The EU's top diplomat called on Wednesday for more "strategic autonomy" in medical supply chains in the wake of the novel coronavirus pandemic, which has seen countries run out of crucial equipment.
In an interview with European newspapers, including Austria's Die Presse, EU foreign policy chief Josep Borrell said: "It is not normal that Europe doesn't produce a single gram of paracetamol, and 80% of the antibiotics production of the world is concentrated in China."
Reliance on global markets for supplies has become the norm, Borrell noted, adding: "In a moment of crisis, this has been proved not to be true."
"The supply chain should be shorter and why not have production centres nearby?" asked Borrell, referring to the possibility of developing production capacity in Africa in particular.
The pandemic had also showed the need for strategic stocks of medical supplies in the same way as there are currently stocks of oil, Borrell said.
Asked repeatedly whether he believed US President Donald Trump's claim that the novel coronavirus had originated in a Chinese lab, Borrell replied: "It is not a matter of believing or not."
"I am not in the mind of the president of the United States," Borrell said.
"He is a responsible man in a very important position – I suppose when he says something, he has accurate information. But I don't know this information."
Pressed on whether China had provided all the information available about where and how the virus originated, Borrell said there was "different information about it" but insisted: "I am not going to participate in the blame game."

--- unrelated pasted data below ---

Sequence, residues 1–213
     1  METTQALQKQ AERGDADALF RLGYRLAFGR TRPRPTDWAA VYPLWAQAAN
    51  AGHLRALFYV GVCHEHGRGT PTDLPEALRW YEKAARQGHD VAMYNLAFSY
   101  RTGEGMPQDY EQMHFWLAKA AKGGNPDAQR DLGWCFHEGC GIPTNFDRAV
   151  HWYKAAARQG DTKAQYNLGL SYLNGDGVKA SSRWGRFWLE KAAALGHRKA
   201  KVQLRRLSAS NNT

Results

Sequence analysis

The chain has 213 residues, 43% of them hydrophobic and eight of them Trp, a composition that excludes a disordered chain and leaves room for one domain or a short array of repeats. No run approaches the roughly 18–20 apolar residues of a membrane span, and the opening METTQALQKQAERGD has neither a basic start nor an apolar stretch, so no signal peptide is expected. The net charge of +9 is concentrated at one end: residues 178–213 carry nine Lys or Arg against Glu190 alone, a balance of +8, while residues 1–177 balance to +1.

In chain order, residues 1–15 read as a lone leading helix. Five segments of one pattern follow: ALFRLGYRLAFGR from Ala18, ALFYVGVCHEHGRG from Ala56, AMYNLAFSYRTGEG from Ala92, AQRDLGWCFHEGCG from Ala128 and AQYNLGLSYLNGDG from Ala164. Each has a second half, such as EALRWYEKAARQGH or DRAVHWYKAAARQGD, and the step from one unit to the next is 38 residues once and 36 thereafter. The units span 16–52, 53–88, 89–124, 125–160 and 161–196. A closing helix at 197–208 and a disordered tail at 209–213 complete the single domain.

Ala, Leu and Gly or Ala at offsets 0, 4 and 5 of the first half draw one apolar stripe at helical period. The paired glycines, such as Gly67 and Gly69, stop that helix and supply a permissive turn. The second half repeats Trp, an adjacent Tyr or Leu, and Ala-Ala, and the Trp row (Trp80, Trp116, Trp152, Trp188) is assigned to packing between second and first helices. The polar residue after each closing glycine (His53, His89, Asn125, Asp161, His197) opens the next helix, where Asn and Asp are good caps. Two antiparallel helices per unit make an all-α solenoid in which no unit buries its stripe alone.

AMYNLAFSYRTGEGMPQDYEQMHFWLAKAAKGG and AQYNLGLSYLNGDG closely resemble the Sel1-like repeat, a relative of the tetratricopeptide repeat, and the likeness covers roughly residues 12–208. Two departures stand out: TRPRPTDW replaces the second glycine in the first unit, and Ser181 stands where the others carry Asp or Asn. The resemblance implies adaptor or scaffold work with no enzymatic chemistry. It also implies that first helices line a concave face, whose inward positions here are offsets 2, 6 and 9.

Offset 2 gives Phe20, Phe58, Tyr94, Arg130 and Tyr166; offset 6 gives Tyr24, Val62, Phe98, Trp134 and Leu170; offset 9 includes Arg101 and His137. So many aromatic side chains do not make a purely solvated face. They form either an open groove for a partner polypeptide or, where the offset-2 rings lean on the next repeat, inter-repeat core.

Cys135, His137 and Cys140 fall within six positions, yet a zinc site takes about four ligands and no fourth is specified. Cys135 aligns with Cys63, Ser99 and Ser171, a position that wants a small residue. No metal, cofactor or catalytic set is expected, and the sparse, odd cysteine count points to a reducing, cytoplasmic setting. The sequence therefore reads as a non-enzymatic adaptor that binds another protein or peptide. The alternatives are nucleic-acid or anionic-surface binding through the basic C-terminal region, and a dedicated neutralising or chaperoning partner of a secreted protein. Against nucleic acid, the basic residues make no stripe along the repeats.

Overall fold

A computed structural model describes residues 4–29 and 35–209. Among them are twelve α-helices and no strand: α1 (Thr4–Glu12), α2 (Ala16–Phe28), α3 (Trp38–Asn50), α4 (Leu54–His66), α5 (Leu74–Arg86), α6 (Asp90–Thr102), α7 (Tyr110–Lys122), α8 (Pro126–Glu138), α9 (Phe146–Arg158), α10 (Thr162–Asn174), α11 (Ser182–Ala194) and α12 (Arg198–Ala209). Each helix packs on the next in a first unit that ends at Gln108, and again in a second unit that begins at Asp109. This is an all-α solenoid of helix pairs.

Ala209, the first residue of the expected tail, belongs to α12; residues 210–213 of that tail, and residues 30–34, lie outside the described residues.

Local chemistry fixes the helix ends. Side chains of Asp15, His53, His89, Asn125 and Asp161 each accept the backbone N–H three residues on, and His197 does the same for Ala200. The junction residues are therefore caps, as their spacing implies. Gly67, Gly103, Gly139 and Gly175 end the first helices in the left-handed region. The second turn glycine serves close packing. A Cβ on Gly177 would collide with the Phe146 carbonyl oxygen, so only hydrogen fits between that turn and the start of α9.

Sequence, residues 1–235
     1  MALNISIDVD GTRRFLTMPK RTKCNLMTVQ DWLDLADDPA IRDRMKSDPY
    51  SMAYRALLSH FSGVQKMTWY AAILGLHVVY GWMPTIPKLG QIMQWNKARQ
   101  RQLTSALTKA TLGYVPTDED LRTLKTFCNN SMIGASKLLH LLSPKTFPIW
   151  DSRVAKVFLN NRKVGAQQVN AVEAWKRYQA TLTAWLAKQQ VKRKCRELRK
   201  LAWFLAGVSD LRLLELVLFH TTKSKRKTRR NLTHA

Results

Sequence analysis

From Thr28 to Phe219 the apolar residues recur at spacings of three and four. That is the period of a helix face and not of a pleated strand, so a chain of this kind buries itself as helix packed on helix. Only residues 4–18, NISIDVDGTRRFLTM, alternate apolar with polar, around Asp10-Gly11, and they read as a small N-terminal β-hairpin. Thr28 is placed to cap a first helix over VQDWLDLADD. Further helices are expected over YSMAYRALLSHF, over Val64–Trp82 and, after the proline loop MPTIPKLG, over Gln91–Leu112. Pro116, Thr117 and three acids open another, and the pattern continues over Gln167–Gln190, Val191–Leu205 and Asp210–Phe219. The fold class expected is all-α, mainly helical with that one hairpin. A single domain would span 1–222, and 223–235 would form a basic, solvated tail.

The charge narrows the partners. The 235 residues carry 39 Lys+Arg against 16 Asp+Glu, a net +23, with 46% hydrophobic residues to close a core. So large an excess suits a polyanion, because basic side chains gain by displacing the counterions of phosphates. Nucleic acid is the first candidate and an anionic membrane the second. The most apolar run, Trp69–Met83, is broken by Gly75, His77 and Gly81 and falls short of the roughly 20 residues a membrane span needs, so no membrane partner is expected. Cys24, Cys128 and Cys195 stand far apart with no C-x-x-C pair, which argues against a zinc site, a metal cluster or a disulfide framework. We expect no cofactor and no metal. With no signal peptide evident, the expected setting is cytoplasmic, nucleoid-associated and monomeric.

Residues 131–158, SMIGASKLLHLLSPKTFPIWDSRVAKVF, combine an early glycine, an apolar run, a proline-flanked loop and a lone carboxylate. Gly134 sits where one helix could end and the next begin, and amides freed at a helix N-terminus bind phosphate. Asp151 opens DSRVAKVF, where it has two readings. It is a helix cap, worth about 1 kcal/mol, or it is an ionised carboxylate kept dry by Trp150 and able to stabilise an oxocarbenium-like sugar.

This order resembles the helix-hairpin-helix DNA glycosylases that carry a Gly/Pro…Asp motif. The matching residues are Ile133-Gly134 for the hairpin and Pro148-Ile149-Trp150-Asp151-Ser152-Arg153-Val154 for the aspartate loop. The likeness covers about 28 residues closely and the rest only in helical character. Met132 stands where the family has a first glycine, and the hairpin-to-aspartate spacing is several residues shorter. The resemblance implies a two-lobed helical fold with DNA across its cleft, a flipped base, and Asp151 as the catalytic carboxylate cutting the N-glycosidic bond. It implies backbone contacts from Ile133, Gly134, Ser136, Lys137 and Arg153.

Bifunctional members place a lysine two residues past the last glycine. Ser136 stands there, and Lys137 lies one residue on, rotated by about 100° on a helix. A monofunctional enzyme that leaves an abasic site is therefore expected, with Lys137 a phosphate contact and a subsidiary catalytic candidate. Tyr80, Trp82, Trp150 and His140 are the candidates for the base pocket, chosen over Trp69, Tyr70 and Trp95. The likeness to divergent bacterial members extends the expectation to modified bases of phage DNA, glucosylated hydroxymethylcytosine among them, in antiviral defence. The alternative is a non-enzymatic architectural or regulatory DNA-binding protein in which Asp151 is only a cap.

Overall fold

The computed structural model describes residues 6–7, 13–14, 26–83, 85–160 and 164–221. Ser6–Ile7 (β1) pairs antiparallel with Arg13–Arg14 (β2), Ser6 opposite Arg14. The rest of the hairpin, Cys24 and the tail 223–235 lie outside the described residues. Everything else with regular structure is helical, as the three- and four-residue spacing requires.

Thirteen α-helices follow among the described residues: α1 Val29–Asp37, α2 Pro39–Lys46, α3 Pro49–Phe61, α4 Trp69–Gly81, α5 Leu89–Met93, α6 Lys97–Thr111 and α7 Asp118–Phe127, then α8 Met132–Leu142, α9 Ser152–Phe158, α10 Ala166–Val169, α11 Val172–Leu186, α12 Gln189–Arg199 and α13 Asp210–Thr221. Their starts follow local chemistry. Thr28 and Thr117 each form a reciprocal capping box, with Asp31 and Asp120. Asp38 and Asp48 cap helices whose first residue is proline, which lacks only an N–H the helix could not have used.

"For sure we need more transparency and as much as possible scientific research done in an independent way" into the origins of the virus, Borrell said.
"I think China is also very much interested in that."
Last week the EU's diplomatic service denied bowing to Chinese pressure to water down a report on coronavirus disinformation to soften criticism of Beijing.
Borrell dismissed the row as a "storm in a teacup".
"Yes: the Chinese diplomacy complained. We complain, too. Everybody complains," he said, insisting: "It has not changed at all the scope of the report that we published."
Asked directly whether the Chinese government was behind disinformation over coronavirus, Borrell replied: "It depends. What do you mean with disinformation?"
"Dangerous information that is putting lives at risk, surely does not come from the Chinese government," he said.